absentee – someone who cannot be present; someone who is not able to be at a particular place and time to participate in some meeting or activity

* Our state allows absentee voters to vote by mail.

paddle – a flat round or square piece of wood or plastic with a handle, held in the air with one’s hand, usually marked with a large number so that one can place a bid at an auction

* If the auctioneer sees your paddle in the air, she’ll assume you’re bidding on the item she’s talking about.

going, going, gone – a phrase used by an auctioneer when he or she thinks only one person is still bidding, indicating that the opportunity to bid will end and nobody else will be able to buy something

* I hear $235. Is that the final bid? Going, going, gone to the lady in the blue hat.

commission – the percentage of a sales price that one receives for helping to sell something

* The clerks at this store work on commission, so they’re always eager to help shoppers make a purchase.

or else – a threat; a phrase used to show another person that he or she must do what one is asking, or there will be negative, unspecified consequences

* Jennifer said to her little brother: “Give me back my diary, or else!”

on the chopping block – at risk of losing one’s job or life, referring to the piece of wood that used to be used when cutting someone’s neck to separate the head from the body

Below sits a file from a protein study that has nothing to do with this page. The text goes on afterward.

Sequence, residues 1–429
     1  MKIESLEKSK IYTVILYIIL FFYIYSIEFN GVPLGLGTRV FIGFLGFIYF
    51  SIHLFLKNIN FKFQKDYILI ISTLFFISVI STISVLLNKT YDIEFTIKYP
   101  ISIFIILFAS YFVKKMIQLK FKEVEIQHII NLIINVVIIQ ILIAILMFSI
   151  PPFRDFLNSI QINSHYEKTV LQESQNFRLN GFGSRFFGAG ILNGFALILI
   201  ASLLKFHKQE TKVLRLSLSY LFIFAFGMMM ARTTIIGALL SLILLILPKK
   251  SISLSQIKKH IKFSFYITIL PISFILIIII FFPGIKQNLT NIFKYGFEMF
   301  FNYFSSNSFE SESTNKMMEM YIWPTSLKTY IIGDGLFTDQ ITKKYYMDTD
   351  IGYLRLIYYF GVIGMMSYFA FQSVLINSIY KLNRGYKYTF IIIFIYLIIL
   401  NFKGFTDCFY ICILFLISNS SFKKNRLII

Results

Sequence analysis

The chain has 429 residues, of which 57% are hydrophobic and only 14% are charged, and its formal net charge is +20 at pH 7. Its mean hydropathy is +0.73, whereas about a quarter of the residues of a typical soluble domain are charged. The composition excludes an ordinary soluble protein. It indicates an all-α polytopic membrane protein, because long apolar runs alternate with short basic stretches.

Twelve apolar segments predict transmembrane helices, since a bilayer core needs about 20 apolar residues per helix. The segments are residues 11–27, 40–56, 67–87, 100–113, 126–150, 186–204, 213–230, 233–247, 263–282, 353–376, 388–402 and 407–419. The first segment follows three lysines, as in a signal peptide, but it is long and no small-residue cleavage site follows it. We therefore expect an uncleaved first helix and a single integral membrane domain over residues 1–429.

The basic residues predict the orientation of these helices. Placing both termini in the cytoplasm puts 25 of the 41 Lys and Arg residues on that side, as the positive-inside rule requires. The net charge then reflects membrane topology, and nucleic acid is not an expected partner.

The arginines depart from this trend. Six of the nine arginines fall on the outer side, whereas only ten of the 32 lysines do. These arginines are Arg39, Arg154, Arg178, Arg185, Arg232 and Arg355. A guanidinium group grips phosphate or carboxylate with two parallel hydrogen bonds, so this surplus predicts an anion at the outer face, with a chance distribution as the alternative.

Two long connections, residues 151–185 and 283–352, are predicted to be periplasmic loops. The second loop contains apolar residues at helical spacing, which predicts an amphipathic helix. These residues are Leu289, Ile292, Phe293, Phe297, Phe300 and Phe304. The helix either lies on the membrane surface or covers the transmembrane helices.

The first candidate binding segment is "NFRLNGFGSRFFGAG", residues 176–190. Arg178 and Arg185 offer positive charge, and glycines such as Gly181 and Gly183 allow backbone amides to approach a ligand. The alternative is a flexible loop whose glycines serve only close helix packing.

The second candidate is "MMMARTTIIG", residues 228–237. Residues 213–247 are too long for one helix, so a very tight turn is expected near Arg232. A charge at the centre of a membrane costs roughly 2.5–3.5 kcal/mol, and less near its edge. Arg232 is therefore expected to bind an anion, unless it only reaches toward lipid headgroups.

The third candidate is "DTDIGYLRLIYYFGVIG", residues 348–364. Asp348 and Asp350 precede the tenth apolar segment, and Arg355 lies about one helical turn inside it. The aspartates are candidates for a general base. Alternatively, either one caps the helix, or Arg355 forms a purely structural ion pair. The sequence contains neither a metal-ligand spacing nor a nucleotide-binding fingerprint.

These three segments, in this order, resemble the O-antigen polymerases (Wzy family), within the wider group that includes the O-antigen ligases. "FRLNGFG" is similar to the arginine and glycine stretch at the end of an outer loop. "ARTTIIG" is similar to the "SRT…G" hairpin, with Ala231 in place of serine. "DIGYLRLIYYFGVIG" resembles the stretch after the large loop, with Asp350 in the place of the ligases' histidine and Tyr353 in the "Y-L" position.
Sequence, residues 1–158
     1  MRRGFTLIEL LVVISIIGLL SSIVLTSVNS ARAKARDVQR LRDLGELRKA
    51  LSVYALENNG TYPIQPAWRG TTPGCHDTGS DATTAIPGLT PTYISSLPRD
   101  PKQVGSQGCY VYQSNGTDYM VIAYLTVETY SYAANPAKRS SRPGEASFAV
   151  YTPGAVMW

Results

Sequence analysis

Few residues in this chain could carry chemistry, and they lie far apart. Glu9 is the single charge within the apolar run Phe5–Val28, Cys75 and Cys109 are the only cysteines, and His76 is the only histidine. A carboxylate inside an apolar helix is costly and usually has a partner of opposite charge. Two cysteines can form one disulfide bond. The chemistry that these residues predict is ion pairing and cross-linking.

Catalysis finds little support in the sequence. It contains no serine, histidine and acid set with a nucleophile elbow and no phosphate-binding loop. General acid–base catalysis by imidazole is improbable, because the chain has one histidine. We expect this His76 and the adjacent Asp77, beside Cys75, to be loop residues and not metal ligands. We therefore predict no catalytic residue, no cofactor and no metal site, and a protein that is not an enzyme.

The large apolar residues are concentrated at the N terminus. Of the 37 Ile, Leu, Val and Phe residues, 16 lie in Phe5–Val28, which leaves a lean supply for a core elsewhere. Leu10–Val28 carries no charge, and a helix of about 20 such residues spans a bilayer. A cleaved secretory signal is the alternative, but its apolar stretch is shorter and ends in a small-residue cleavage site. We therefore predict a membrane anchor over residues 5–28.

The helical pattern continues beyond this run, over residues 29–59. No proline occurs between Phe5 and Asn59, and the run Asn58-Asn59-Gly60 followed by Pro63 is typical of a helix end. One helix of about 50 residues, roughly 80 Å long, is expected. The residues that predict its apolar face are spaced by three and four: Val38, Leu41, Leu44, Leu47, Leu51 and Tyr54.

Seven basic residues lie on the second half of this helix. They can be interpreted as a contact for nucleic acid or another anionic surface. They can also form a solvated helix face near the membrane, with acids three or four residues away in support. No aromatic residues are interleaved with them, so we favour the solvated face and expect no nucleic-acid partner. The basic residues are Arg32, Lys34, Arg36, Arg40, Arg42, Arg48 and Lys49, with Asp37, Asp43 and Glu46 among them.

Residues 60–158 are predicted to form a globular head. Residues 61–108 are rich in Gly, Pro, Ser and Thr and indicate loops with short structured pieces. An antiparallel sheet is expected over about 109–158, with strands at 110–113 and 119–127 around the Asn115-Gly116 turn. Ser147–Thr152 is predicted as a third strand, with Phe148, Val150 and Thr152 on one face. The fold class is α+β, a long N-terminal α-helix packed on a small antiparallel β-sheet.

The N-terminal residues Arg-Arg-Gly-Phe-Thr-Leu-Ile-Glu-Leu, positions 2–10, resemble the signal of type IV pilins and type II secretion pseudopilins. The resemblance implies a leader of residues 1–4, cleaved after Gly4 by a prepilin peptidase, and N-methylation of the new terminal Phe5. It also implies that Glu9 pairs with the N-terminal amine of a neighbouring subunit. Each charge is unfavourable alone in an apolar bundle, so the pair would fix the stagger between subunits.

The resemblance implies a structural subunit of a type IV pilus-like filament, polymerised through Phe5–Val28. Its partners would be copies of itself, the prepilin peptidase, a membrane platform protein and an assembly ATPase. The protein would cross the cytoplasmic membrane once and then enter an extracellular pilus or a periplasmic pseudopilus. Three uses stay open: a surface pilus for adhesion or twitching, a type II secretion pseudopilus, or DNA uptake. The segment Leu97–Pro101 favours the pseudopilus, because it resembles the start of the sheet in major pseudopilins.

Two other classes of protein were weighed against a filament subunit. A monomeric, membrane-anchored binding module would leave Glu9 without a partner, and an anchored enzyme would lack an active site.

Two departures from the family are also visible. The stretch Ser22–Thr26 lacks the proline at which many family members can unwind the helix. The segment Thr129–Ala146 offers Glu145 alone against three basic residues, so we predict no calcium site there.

* If this presentation doesn’t go well, I’ll be on the chopping block!

Comprehension Questions
1. What is in the auctioneer’s hand?
a) The podium.
b) The gavel.
c) The paddle.

2. Why doesn’t Martin want to bid on the first lot?
a) Because he thinks the auctioneer is asking for too much money.
b) Because he isn’t interested in that lot.
c) Because he doesn’t have enough money.

Answers at bottom.

What Else Does It Mean?
lot

The word “lot,” in this podcast, means a group of objects that are sold together: “This auction catalog describes all the lots in great detail.” The phrase “(one’s) lot in life” refers to one’s situation, especially when it is not a good or happy one and when one does not have much or any control over it: “Do you really think poverty is your lot in life?” The phrase “to draw lots” or “to cast lots” means to decide who will do or receive something by having each person take one of several pieces of paper or an object from a container, where one is different from all the others: “Nobody wanted to give the first presentation, so they decided to draw lots.” Finally, a “lot” can refer to a piece of land: “Do you know if anyone’s planning to build a house on that empty lot?”